Impact craters on the Earth

It's a lively place, the surface of the Earth. The rain falls, the winds blow and the sands drift, and over a slightly longer period, the continents move about and recycle large chunks of the planet's crust. So impact craters may appear at a steady rate, just like they do on the other planets and satellites, but after a while, erosion means that they cease to be visible. In any case, most of the Earth is covered in water most of the time, so smaller impacts make a splash but do not leave a permanent record.

The best place to hunt for craters is in areas such as the Canadian shield where a flattish, rocky surface has been exposed to celestial bombardment for hundreds of millions of years.

In addition, all this hustle and bustle means that there are always several possible explanations for any crater-like object on the Earths surface. It could be a sink-hole made by rain falling on limestone, or a leftover bit of a volcano, or a bay caused by the natural action of the sea. The one that I investigated during my university fieldwork, St Magnus Bay in Scotland, is now generally regarded as a sort of glacial/marine double act.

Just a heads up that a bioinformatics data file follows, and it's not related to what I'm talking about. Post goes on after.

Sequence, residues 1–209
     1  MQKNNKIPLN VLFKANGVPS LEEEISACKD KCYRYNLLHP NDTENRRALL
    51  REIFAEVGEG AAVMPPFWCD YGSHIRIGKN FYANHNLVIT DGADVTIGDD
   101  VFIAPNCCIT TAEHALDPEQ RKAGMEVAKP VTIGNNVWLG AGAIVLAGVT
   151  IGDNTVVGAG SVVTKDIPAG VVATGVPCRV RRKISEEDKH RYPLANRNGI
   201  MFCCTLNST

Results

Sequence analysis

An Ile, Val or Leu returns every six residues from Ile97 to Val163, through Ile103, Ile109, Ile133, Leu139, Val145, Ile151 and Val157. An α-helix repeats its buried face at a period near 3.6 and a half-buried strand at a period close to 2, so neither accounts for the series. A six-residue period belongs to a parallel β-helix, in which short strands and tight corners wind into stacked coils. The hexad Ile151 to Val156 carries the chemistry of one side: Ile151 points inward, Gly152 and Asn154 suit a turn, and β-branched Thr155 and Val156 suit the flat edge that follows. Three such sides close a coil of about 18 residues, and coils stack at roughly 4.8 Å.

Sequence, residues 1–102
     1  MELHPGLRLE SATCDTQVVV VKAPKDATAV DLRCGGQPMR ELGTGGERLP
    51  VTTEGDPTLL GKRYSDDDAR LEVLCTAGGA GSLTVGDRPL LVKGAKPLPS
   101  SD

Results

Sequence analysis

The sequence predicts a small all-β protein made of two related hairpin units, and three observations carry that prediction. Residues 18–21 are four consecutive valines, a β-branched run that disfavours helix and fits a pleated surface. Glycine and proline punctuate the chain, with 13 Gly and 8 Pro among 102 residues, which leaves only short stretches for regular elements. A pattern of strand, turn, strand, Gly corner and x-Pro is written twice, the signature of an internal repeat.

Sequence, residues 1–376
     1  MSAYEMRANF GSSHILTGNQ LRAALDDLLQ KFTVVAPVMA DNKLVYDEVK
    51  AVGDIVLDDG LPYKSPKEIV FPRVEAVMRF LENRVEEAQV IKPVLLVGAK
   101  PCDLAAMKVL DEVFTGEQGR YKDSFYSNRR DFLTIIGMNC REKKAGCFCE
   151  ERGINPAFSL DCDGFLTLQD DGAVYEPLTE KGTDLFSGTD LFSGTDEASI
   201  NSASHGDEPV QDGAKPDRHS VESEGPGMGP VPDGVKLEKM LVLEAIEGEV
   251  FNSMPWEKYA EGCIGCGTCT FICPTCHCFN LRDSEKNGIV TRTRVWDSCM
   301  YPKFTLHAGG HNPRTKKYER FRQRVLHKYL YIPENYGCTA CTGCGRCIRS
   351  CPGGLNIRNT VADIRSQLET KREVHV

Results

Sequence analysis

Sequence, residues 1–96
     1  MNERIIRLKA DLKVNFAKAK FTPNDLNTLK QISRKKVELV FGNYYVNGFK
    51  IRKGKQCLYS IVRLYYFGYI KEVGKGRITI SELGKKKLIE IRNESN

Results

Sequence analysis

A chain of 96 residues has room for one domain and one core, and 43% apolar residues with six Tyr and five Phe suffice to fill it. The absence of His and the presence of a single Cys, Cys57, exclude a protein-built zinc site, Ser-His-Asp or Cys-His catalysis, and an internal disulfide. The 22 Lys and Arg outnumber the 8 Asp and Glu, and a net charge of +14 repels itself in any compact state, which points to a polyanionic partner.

So any list of the Earth's meteorite craters should be filled with caveats. But the top ten more or less visible craters should probably look something like this:

  1. Meteor Crater, Arizona the world's top tourist crater
  2. Clearwater Lakes, Quebec, Canada a classic double impact feature like many seen on the Moon
  3. Sudbury, Ontario, Canada a huge 60km by 30km structure about 1.8 billion years old and now mined for nickel and other metals
  4. Lake Manicouagan, Quebec, Canada about 212 million years old and 70km across. Described by the local tourist board as “wild yet accessible”
  5. Chicxulub, Mexico hard to see, like the dinosaurs it may have killed off
  6. Ries Kessel, Bavaria, Germany “crater” is the Latin word for a cup but the Germans call it a kettle or cauldron
  7. Henbury, Australia a set of craters about 42,000 years old
  8. Roter Kamm, Namibia tough to get to but the satellite images are spectacular
  9. Tenoumer, Mauritania same applies
  10. Wabar, Saudi Arabia remote group of craters first described by British traveller St John Philbyand now yielding interesting meteorite science